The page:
The town hall of Auchy-les-Mines
|Intercommunality||Communauté d'agglomération de Béthune-Bruay, Artois-Lys Romane|
|• Mayor (2014-2020)||Joëlle Fontaine|
|5.1 km2 (2.0 sq mi)|
|• Density||920/km2 (2,400/sq mi)|
|Time zone||UTC+01:00 (CET)|
|• Summer (DST)||UTC+02:00 (CEST)|
|Elevation||23–37 m (75–121 ft) |
(avg. 26 m or 85 ft)
|1 French Land Register data, which excludes lakes, ponds, glaciers > 1 km2 (0.386 sq mi or 247 acres) and river estuaries.|
A small ex-coal mining town, now mostly a light engineering and farming commune, situated 6 miles (9.7 km) east of Béthune and 12 miles (19.3 km) southwest of Lille, at the junction of the N41 and the D163 roads.
During World War I (1914–18) the front stabilized in the autumn of 1914 and a war of position began. The Mines de Béthune concession was cut in two along a line from Auchy-les-Mines to Liévin, with Mines 4 and 8 occupied by the Germans. Mine 4 (Vermelles) was recovered in December 1914, but Mine 8 (Auchy) was not recovered until the German troops withdrew at the end of the war. A long gallery led from the main Mines de Béthune concession to Mine 8 in Auchy in the northeast. Shaft 8 was blocked by the Germans between the 240 metres (790 ft) level and the lower level, but below the blockage the French could freely work the coal seams, even under the German side. Pumps were brought back into service below the shafts to drain the sector.
British soldiers of the 170th Tunneling Company established a listening system at the bottom of shaft 8bis which picked up sounds of activity in August 1917. In early September there was an underground struggle in which the Germans were forced out of the mine. Around midnight of 25–26 September 1917 the 38th German Pioneer Regiment poured about 8 tons of the suffocating gas chloropicrin into Mine 8, and carried by the ventilation systems the gas took under four hours to travel the 6 kilometres (3.7 mi) to Mine 9 and the shaft of Mine 12. The people around the base of Shaft 8 died, but those further away escaped via the ladders of Shaft 9. After the attack a thick masonry wall was built in the main haulage gallery to isolate the sectors near shafts 8 and 8bis. The Germans blew up the casing of Shaft 8 and the heads of Shafts 8 and 8bis. The mine was reopened after the war, and finally closed in 1961.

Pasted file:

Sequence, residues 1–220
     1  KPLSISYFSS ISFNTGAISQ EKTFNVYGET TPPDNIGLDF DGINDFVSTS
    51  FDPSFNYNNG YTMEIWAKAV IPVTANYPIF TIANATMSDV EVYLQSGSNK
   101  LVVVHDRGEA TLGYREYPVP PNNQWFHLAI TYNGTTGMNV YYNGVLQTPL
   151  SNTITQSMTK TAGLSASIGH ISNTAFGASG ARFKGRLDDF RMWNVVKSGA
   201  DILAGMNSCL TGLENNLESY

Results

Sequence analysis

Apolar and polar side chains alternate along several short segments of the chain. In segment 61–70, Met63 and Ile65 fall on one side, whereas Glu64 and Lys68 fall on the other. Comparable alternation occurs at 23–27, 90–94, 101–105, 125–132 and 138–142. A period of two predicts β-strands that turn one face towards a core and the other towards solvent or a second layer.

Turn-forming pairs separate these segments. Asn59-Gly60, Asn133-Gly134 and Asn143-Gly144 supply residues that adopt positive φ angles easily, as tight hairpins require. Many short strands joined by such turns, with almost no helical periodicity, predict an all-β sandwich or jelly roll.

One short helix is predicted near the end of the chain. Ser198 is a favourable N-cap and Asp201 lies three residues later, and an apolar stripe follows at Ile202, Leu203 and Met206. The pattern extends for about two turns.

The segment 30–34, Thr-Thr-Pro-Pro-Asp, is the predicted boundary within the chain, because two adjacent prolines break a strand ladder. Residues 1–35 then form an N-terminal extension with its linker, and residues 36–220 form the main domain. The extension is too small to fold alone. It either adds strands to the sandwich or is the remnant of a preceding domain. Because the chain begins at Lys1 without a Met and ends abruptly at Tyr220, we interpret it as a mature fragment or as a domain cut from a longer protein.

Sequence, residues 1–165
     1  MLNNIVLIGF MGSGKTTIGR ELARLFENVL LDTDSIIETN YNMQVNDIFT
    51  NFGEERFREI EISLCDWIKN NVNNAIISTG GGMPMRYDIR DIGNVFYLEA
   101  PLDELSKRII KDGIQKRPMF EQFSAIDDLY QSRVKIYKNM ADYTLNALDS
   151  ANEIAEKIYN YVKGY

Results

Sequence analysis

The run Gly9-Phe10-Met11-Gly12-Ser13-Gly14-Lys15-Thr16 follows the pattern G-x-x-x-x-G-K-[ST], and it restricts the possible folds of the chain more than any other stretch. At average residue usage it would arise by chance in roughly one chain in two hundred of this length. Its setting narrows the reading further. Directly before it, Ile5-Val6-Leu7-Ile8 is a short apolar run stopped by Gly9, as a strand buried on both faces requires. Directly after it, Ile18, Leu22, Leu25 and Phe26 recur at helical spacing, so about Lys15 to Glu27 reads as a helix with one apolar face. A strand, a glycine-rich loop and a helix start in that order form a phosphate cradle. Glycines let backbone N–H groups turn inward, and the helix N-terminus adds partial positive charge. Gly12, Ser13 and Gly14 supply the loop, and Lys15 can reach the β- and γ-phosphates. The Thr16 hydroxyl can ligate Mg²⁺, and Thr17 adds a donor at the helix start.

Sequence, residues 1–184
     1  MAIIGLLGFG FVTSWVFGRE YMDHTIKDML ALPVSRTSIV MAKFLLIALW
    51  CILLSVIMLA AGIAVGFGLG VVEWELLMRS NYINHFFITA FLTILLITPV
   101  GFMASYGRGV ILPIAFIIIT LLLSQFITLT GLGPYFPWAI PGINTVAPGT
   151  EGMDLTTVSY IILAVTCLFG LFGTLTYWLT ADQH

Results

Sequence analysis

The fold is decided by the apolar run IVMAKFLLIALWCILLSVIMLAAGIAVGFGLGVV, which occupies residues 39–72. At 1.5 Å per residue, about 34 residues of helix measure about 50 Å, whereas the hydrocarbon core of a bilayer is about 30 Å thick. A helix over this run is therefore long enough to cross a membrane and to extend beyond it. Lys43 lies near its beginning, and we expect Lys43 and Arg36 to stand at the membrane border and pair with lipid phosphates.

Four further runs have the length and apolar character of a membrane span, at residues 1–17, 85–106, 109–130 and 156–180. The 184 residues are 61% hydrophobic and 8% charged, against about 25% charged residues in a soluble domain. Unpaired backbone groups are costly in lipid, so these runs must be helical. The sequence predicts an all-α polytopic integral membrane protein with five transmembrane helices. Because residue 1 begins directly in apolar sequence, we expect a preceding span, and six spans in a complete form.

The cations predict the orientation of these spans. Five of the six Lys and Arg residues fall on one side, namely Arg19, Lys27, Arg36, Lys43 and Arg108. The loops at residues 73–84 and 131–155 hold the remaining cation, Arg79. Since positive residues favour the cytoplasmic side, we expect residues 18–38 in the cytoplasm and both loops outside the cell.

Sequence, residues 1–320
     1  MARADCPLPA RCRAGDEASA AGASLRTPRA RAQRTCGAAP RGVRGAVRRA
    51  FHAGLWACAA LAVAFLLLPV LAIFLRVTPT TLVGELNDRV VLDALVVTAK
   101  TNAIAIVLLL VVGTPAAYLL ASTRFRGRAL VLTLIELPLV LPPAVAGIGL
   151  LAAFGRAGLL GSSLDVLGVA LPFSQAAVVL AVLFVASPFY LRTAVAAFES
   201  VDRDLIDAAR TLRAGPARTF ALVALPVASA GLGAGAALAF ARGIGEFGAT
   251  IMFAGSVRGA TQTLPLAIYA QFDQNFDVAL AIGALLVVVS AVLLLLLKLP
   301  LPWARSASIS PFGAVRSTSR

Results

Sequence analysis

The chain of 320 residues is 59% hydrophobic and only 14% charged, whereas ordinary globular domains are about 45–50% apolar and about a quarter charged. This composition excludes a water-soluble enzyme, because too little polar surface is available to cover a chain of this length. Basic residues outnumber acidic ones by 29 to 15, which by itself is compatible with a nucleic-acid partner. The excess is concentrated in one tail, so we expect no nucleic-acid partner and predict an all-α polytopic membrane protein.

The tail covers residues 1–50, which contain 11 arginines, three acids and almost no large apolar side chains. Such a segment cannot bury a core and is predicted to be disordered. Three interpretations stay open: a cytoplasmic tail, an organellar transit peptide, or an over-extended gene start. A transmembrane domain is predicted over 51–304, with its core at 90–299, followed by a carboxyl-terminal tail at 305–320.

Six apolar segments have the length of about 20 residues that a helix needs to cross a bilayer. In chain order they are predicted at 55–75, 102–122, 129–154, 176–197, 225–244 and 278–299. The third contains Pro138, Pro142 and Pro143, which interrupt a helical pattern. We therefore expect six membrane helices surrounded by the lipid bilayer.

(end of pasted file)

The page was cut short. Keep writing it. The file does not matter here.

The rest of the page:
- The church of St. Martin, rebuilt, as was the entire village, after World War I.
- The Hohenzollern Redoubt, a German fortification on the Western Front in World War I.
- Bouguereau, Rémi; Leignel, Valentine; Piernas, Gersende (2008), 1994 026: Houillères du Bassin Nord-pas-de-Calais Mines De Béthune (Pas-de-Calais) (PDF) (in French), Archives Nationales, retrieved 2017-08-01
- Compagnie de Béthune (in French), Association MINING, archived from the original on 2017-07-31, retrieved 2017-07-31
- La compagnie des mines de Béthune pendant la Première Guerre mondiale (in French), Archives du Pas-de-Calais, retrieved 2017-08-01
- Laforgerie, Eric (2013), "Une attaque par gaz dans les mines de Bethune", Les souterrains de la grande guerre (in French), Ysec Editions, ISBN 2846731659, retrieved 2017-08-01
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